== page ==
The Avalanche comes standard in rear-wheel drive, but any model is available in four-wheel drive with low-range gearing. The 4WD Autotrac on-demand system features several modes operated with a dial on the dashboard. Cars.com says the 4WD "can detect slippage and send power up front, not unlike an all-wheel-drive system. Lest you think it's best to leave it there all the time (as I did for the better part of a week), be warned that there's a (slight) gas mileage penalty compared with the two-wheel-drive mode."
A special Z71 Off-Road package, optional on LT2 and LT3 models, includes Z71 suspension, 18-inch wheels, on-/off-road tires, automatic locking rear differential, high-pressure shocks and a Skid Plate Package that helps protect the undercarriage.
Auto Mall USA calls the Avalanche "a workhorse for routine hauling." Hauling capacity for the 2WD Avalanche is 1,408 pounds and 1,487 pounds for the 4WD. Hauling is a definite high point thanks to the Avalanche's flip-down midgate, a removable rear bulkhead between the cabin and cargo bed that Kelley Blue Book says gives the truck "a degree of versatility that's absent from traditional pickups." PickupTruck.com calls the midgate "the heart and soul" of the truck. The only other full size pickup to feature it is the Cadillac Escalade EXT, which rides on the same platform as the Avalanche, but has an upscale feel and premium features.
With the midgate in place, the Avalanche fits five or six passengers and features a short cargo box measuring 5.3 feet. With the midgate folded down or removed and the rear seat folded, the truck has room for two or three passengers in the front seat, but extends the cargo box to 8.2 feet. Reviewers love its versatility, with PickupTruck.com aptly commenting, "If a person were to complete a single configuration per day, there are enough variants to last for many years."
The Auto Mall USA explains how it "must be carefully snapped into a holder when removed. Don't let your buddies do this for you. All of this takes a few moments of unhurried activity to perform." The further describes the midgate's multi-functionality, commenting, "If you want to haul sheets of plywood and keep them protected from the weather, take out the midgate but leave the bed cover in place. If you want to haul five people, three will fit in the back, and getting in is easy because the back doors are full size."notes that with "the midgate opened and stowed, and the rear seat folded, the lockable cargo area expands to a maximum of 101 cubic feet. For taller cargo, the removable rear window stores securely against the midgate to increase storage space." But removing the rear glass panel does take some skill.
Reviewers love the many standard cargo accessories, which include a non-slip mat for the bed, lockable compartments in the rear fenders and a three-piece hard bed cover (a soft cover is optional for the LS trim only). Cars.com cautions that the cover is "difficult to remove and even harder to stow." Since the three panels weigh "20 pounds a piece and can be awkward to handle," Auto Mall USA advises that it's best to leave the cover at home when not in use. But MSN found the cover and accompanying locking tailgate useful because "nosy passersby didn't see and couldn't get at the tools and lawn equipment that I carried in the bed."
Several reviewers also mention the utility of the locking storage compartments, which features top-door access and interior lighting. But the short of limb may have a difficult time accessing them, says the MSN reviewer, who "at 5 feet 4, I couldn't reach all the way down into these compartments unless I stood up on the tailgate. I also couldn't see or reach items inside the pickup bed when standing next to the Avalanche. The sides of the pickup bed are too tall."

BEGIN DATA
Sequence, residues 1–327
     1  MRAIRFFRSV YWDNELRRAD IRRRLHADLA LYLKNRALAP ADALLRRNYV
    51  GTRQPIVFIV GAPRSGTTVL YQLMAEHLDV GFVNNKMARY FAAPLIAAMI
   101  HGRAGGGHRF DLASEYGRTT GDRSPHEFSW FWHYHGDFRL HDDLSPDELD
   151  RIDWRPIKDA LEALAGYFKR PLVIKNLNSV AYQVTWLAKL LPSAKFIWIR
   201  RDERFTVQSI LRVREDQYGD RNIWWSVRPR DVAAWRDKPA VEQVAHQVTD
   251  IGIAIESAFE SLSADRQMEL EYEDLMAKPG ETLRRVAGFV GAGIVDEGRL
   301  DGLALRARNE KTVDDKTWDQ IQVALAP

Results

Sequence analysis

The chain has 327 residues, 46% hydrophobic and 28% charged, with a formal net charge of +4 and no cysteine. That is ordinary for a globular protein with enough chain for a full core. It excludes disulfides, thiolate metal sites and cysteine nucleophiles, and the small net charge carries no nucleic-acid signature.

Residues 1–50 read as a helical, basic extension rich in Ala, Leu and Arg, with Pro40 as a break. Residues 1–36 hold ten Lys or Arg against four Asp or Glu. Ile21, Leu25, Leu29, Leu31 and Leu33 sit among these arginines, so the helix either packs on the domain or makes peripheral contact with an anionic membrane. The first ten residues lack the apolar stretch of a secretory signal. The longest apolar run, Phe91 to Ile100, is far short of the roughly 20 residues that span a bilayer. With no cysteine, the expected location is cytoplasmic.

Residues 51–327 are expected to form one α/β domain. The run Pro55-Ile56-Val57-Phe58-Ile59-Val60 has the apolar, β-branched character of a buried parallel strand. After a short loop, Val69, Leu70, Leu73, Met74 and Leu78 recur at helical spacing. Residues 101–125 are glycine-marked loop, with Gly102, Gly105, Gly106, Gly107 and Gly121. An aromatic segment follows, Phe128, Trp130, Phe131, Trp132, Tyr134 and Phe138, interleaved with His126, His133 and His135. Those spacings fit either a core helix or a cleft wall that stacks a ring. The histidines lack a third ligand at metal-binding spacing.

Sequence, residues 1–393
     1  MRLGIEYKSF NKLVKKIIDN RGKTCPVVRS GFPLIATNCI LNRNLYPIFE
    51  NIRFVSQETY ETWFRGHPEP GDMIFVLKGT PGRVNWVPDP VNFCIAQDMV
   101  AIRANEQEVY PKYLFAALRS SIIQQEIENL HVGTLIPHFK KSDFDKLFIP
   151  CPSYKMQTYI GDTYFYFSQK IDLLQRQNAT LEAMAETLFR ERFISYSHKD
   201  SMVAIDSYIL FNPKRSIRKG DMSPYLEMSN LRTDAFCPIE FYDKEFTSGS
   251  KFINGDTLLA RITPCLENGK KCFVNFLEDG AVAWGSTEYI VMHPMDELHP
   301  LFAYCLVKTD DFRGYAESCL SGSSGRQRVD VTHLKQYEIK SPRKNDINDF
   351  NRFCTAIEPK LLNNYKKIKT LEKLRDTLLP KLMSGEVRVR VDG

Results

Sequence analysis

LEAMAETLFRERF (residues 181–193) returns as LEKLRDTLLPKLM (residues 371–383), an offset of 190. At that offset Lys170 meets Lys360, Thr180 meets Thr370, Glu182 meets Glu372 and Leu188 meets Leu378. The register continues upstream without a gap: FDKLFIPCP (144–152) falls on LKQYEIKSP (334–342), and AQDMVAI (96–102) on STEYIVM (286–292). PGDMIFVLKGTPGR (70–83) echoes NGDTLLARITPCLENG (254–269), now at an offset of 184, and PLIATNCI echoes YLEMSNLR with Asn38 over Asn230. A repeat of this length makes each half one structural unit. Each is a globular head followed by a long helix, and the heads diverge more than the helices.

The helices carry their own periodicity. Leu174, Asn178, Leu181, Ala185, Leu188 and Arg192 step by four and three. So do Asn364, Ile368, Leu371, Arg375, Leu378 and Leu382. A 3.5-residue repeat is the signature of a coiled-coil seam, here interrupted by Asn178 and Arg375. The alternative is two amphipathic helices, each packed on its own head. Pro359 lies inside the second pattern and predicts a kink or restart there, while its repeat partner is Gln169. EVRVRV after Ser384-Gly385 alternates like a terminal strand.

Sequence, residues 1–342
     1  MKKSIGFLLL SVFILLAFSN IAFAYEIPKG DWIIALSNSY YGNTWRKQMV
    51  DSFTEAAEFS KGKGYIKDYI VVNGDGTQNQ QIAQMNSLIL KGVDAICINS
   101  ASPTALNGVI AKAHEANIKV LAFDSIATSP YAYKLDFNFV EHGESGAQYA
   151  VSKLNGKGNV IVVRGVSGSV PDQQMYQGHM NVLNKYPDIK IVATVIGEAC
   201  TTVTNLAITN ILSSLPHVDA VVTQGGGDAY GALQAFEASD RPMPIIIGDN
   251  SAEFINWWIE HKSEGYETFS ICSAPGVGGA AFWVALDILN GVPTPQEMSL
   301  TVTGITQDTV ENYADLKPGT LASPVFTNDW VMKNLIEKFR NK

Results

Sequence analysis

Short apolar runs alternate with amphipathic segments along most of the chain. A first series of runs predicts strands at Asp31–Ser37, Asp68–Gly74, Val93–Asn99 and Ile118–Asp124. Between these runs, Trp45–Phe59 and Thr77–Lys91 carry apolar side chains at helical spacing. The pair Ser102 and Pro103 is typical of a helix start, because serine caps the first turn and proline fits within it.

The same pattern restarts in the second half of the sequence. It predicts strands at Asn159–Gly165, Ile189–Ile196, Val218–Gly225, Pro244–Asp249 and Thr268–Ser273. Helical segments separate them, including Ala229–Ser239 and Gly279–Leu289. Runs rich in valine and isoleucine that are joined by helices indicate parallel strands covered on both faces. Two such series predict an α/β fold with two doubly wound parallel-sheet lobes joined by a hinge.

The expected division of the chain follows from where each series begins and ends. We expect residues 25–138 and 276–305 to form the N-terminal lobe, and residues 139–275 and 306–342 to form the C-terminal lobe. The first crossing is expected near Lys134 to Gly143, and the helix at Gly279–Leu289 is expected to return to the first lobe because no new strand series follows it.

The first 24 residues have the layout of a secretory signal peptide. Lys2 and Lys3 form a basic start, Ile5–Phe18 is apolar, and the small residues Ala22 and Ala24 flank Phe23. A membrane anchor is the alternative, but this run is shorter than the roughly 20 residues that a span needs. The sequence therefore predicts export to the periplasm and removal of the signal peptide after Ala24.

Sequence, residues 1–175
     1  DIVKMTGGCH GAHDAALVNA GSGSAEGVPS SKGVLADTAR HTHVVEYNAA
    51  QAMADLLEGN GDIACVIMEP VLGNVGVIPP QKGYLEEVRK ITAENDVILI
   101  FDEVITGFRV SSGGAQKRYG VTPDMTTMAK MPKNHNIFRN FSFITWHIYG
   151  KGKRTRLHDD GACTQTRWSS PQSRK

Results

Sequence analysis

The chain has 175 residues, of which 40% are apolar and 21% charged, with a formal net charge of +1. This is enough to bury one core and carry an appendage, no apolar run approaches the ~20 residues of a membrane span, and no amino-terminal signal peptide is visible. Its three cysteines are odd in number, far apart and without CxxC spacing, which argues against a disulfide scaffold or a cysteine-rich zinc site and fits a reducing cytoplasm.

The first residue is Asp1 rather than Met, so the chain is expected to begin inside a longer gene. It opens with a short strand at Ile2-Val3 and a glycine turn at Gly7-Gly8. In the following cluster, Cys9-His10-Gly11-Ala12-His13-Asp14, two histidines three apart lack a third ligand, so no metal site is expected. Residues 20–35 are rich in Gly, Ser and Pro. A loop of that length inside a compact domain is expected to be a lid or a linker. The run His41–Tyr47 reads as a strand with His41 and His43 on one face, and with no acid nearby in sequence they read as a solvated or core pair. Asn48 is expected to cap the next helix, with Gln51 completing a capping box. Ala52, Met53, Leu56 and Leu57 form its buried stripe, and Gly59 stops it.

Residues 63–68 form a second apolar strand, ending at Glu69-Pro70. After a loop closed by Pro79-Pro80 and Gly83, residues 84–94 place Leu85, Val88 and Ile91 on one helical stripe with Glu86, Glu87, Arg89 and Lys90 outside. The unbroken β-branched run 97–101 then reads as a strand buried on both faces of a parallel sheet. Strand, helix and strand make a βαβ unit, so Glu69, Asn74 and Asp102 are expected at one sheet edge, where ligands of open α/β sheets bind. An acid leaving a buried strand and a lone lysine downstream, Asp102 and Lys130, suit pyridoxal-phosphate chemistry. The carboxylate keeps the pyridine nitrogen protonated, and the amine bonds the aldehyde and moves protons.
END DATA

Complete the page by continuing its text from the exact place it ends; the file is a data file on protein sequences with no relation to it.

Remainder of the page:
For extra cargo capacity, the LTZ trim comes standard with a luggage rack with roof-mounted side rails that is optional on the other trims.found it easy to use, with reviewers noting that they tied down "a kayak for highway-speed hauling with minimal fuss."
When properly equipped, the 2WD Avalanche's 5.3-liter engine can tow up to 7,200 pounds, or 7,000 pounds with the 4WD. The 6.0-liter 2WD and 4WD models can pull up to 8,200 pounds and 7,800 pounds, respectively -- "enough for a sizable boat or trailer," according to MSN.
The Auto Mall USA concludes, "We haven't towed anything with the Avalanche yet but it feels extremely stable and we're confident it'll make an excellent tow vehicle."calls towing capacity "awesome," but still notes that it's not as great as some competitors. However,
LS, LT1 and LT2 (2WD)
The two-wheel-drive LS, LT1 and LT2 models come with the base engine -- a Vortec 5.3-liter V8 with Active Fuel Management that generates 320 horsepower and 340 pound-feet of torque. Optional is the same engine with E85 Flex Fuel capability. Both engines are paired with a Hydra-Matic four-speed electronically controlled automatic transmission with overdrive.
LS, LT1 and LT2 (4WD)
The four-wheel-drive LS, LT1 and LT2 models come standard with a Vortec 5.3-liter engine with E85 Flex Fuel capability that generates 310 horsepower and 335 pound-feet of torque. The Flex Fuel engine can run on either gasoline or E85 -- a cleaner-burning, renewable fuel source that generally costs less than regular fuel -- or a combination of both. The engine is paired with a Hydra-Matic four-speed electronically controlled automatic transmission with overdrive.
The high-end LT model comes standard with the 5.3-liter engine, but is also optional with a 6.0-liter V8 with Active Fuel Management and Variable Valve Timing that generates 366 horsepower and 386 pound-feet of torque. The engines are paired with the Avalanche's universal Hydra-Matic four-speed electronically controlled automatic transmission with overdrive.
The high-end LT model comes standard with the 5.3-liter engine, but is also optional with the 6.0-liter 366-horsepower V8 with Active Fuel Management and Variable Valve Timing. The engines are paired with the Avalanche's universal Hydra-Matic four-speed electronically controlled automatic transmission with overdrive. The LTZ also gets an upgraded Autoride suspension package.